Between co-founding a startup to stepping into the C-suite of a multi-national company, it’s easy to make some typical leadership mistakes throughout the careers of CEOs. As every leader knows, some mistakes are inevitable. In the era of #MeToo and Elizabeth Holmes’ Theranos, there are some mistakes that are nearly impossible to come back from. But true leaders learn from their mistakes and use them as fuel to propel their success.
As Glassdoor named the Employees’ Choice Award for the Top CEOs, we interviewed three CEOs their leadership styles. Diving beyond the positives, these leaders got candid about the mistakes that they made in the past year and how they rebounded. Young and experienced bosses alike will be able to relate.
Transparent Employee Communication
The happiness of Zoom Video Communications is paramount to CEO Eric S. Yuan. It’s the thing that keeps him up at night and one of the first things he thinks about in the morning. However, as the company has scaled in the past year, employee happiness has ebbed and flowed, as it naturally will. For Yuan, this was an important indicator of communication issues.
“[If] I have unhappy employees, I feel like, ‘Ah, as a CEO I did not do a good job,’” says Yuan. “I ask myself if we did not set up a policy correctly or communicated to employees what they should do or how a manager could have responded faster.”
To address this, Yuan says, “I’m always thinking about how we can build a better, more transparent culture that people can really feel. It’s important that whenever an employee has a problem that we as leaders do not turn away. We have to share it, the employee has to be heard, otherwise, they will suffer. Letting time pass when there are issues is not good for employees, not good for their family as well.”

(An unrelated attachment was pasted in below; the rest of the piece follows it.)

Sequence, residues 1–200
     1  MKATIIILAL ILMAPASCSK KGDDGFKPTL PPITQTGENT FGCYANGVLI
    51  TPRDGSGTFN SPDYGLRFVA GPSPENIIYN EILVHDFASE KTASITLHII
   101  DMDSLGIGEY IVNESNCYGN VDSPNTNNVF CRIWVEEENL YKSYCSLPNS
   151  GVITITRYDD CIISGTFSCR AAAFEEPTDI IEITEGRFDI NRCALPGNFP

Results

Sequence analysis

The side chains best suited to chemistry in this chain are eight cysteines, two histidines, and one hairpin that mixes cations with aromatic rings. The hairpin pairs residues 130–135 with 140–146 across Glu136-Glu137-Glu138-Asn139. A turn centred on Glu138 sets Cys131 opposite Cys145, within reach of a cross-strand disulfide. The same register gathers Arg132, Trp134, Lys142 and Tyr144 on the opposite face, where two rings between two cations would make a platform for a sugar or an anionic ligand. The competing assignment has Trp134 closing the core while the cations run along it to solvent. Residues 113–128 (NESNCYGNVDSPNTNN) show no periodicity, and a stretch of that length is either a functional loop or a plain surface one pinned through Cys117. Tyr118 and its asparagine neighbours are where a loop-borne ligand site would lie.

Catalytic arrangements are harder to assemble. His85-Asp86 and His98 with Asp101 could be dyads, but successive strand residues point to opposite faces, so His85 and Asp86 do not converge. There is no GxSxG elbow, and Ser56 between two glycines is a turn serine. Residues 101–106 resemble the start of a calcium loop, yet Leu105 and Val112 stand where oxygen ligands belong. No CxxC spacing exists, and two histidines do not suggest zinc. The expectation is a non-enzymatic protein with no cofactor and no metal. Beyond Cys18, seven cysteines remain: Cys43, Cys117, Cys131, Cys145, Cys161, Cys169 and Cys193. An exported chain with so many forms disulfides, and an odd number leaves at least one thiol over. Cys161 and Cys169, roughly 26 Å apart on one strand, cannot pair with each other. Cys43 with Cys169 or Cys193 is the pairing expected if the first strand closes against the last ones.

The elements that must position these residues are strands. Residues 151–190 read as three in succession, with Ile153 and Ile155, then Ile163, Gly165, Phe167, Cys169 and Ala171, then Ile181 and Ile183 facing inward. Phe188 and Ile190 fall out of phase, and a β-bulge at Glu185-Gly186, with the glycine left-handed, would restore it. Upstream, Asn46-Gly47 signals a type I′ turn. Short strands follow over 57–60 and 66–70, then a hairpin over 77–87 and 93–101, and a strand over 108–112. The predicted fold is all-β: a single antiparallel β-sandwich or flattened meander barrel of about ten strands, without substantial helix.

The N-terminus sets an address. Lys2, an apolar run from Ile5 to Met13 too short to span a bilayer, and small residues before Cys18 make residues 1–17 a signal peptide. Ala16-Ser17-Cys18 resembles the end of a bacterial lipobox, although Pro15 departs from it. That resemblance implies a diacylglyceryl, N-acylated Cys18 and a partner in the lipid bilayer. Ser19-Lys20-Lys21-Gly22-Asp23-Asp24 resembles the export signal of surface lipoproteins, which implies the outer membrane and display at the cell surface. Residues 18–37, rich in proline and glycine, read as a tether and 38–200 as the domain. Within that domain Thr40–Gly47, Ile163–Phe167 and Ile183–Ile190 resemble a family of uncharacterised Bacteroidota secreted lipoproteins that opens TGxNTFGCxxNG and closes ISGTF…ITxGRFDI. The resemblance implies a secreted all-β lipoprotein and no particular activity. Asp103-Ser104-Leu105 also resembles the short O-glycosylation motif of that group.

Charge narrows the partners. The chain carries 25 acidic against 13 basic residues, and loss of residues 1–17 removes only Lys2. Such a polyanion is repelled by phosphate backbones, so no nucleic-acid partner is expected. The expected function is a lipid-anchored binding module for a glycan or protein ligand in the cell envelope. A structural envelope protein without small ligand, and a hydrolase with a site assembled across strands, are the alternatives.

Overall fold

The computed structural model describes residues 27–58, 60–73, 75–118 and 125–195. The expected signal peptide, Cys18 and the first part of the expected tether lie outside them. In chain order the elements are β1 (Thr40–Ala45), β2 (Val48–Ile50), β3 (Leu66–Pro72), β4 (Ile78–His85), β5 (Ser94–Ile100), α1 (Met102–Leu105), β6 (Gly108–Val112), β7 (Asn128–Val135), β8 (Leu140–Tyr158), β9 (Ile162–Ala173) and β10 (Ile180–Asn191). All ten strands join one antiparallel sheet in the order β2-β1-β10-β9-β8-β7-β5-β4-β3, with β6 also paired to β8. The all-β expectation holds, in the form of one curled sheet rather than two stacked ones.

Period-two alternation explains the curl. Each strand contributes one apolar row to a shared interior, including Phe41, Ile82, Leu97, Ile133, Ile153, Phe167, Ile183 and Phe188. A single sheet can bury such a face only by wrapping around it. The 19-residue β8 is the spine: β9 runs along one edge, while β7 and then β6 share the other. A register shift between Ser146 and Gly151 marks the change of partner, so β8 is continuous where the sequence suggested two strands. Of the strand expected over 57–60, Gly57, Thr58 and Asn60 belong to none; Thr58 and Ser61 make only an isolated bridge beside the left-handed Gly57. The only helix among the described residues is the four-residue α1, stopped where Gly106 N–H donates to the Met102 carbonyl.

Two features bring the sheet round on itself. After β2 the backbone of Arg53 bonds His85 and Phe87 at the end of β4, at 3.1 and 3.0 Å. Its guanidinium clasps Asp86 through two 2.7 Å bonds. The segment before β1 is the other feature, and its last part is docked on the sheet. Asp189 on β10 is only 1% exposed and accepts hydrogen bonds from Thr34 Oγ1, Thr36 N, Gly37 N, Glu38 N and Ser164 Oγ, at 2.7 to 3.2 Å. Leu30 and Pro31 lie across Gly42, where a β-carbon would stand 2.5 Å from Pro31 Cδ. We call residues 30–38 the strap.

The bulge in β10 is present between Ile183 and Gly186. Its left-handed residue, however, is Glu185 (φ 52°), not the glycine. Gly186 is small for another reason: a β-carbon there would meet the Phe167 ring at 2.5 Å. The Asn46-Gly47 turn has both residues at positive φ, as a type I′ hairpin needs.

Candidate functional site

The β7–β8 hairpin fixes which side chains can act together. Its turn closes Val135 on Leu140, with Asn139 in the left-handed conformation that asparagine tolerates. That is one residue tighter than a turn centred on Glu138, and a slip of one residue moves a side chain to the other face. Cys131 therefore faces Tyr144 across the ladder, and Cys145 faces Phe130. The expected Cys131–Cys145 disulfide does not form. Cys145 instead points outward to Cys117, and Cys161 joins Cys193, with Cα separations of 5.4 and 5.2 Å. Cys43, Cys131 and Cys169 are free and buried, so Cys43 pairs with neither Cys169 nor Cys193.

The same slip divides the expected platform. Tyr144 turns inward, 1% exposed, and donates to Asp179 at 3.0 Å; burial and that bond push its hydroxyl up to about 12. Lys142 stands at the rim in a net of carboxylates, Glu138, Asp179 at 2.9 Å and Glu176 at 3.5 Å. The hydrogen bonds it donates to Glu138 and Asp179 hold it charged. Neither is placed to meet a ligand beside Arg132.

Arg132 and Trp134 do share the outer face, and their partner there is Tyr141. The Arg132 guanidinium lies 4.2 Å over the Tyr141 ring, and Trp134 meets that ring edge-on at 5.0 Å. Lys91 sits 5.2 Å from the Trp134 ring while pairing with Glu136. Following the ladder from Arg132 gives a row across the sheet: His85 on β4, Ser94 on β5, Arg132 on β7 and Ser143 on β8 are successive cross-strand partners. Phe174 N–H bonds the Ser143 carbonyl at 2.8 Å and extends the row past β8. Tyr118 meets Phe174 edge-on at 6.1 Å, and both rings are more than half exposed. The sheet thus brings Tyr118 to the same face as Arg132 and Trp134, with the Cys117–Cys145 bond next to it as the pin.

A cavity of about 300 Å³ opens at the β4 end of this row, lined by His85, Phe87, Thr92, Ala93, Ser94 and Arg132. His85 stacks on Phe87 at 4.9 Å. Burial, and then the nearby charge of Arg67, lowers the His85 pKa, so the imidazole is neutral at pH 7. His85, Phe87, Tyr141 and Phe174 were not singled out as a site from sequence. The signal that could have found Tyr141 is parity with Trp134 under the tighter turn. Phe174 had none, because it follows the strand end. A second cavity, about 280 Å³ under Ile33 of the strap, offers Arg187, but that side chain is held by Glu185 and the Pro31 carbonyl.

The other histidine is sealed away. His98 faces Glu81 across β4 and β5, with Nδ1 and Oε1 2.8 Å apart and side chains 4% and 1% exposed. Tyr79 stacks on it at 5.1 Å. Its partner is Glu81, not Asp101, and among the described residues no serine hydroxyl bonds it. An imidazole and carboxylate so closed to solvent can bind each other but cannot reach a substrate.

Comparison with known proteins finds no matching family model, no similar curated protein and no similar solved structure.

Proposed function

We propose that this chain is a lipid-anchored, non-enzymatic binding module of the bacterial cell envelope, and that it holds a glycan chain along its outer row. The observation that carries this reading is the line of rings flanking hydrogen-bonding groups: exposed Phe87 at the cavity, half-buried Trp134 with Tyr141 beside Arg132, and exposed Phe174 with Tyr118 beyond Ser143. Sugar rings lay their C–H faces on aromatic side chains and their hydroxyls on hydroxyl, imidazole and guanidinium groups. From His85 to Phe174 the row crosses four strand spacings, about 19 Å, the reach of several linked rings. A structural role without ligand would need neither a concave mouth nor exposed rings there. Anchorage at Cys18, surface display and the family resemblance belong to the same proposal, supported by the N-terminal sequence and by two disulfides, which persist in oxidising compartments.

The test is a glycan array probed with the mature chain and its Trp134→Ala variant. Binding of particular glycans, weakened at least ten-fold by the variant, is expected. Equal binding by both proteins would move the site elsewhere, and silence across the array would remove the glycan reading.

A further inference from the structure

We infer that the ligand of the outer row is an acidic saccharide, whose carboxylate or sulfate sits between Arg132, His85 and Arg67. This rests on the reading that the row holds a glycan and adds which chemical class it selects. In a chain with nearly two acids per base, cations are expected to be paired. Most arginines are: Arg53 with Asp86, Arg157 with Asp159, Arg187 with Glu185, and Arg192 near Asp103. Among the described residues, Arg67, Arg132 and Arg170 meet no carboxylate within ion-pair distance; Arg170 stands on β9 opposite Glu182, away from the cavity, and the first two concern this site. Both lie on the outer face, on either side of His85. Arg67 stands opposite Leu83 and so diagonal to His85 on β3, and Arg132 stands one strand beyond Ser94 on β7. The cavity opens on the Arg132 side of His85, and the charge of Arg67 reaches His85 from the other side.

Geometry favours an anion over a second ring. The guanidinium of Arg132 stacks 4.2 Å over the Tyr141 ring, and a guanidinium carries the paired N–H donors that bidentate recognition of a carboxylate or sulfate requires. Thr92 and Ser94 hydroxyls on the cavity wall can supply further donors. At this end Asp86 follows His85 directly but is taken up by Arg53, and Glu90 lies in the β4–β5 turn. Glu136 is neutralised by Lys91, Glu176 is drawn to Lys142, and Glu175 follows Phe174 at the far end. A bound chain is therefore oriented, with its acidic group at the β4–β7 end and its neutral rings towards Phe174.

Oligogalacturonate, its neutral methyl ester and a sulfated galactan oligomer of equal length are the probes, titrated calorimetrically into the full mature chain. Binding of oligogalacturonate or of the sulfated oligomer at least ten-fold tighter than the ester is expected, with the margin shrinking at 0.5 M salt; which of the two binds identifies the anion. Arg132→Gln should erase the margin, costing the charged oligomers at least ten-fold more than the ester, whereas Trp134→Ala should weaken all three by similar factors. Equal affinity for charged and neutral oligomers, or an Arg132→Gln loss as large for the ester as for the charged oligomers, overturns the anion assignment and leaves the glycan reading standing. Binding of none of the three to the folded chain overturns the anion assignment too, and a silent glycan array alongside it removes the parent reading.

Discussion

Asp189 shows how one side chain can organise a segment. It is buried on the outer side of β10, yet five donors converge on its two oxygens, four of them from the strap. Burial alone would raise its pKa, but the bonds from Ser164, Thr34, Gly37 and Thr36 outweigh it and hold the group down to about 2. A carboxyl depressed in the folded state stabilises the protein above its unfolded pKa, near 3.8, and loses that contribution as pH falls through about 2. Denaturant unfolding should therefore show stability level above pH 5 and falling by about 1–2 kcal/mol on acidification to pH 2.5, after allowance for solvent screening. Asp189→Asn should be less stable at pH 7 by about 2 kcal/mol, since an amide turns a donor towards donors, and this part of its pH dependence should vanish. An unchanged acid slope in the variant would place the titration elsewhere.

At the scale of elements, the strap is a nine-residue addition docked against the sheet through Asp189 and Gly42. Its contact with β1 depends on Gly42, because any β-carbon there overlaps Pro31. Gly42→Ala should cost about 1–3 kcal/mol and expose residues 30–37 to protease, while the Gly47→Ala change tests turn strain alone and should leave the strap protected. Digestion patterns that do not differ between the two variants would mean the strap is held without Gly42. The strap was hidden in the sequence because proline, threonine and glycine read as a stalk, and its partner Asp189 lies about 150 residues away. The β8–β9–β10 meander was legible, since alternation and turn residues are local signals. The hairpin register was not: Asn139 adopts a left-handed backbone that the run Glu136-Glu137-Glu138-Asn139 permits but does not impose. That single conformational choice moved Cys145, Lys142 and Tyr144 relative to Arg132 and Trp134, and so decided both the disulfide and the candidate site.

Scaling Company Culture
Rapid growth for a startup can be both exciting and overwhelming. In addition to adding over 1,700 new customers every quarter, enterprise IoT systems company Samsara has double in headcount in just 12 months. Given this, CEO Sanjit Biswas admits, “one of my biggest responsibilities has been to make sure we’re preserving and scaling our culture.”
Rather than enacting large-scale employee engagement initiatives, Biswas thought about small, yet significant, ways that he could ensure connection with his staff.
“There was a point last year where my schedule was booked solid with meetings and interviews, and I found myself starting to feel disconnected from the day-to-day happenings in the company. I now make it a priority to keep my schedule free and hang out at the lunch table or to simply be available to chat — the informal interactions are in many ways more important for the company over time than the big formal meetings.”
[Related: 10 Ways to Hire for Hard-to-Fill Roles]
Navigating Natural Disaster
With more than 1,000 employees based in Puerto Rico, Boston Scientific faced the unexpected when Hurricane Maria made landfall in 2017. “As soon as the storm passed, our teams reached out to employees to ensure their safety and began providing basic needs like food, water and medication. We soon increased our aid to employees, providing generators and fuel, and converted conference rooms into an on-site daycare,” said Michael Mahoney, CEO of Boston Scientific. “We were fortunate that all our people were safe, but more than 100 experienced significant damage to their homes, including many who lost their homes entirely. As bad as the news reports were, it wasn’t until I flew to the island with members of our leadership team that I fully grasped the gravity of the situation there.”
While this was not a leadership mistake for Mahoney, it was a significant challenge as well as a unique opportunity to assemble the organization’s 29,000 employees to help those directly affected.
“Our employees around the world also rallied to support our colleagues in many ways and we established a Boston Scientific Employee Disaster Relief Fund that provided more than $3.5 million of direct financial assistance for housing, transportation and other needs for those impacted by the disaster,” said Mahoney. “While all of this helped us get our operation fully running, there is a long, hard road to full recovery for the people of Puerto Rico. I’ve never been more humbled by an example of incredible resilience in the face of disaster than I was on this trip to Puerto Rico.”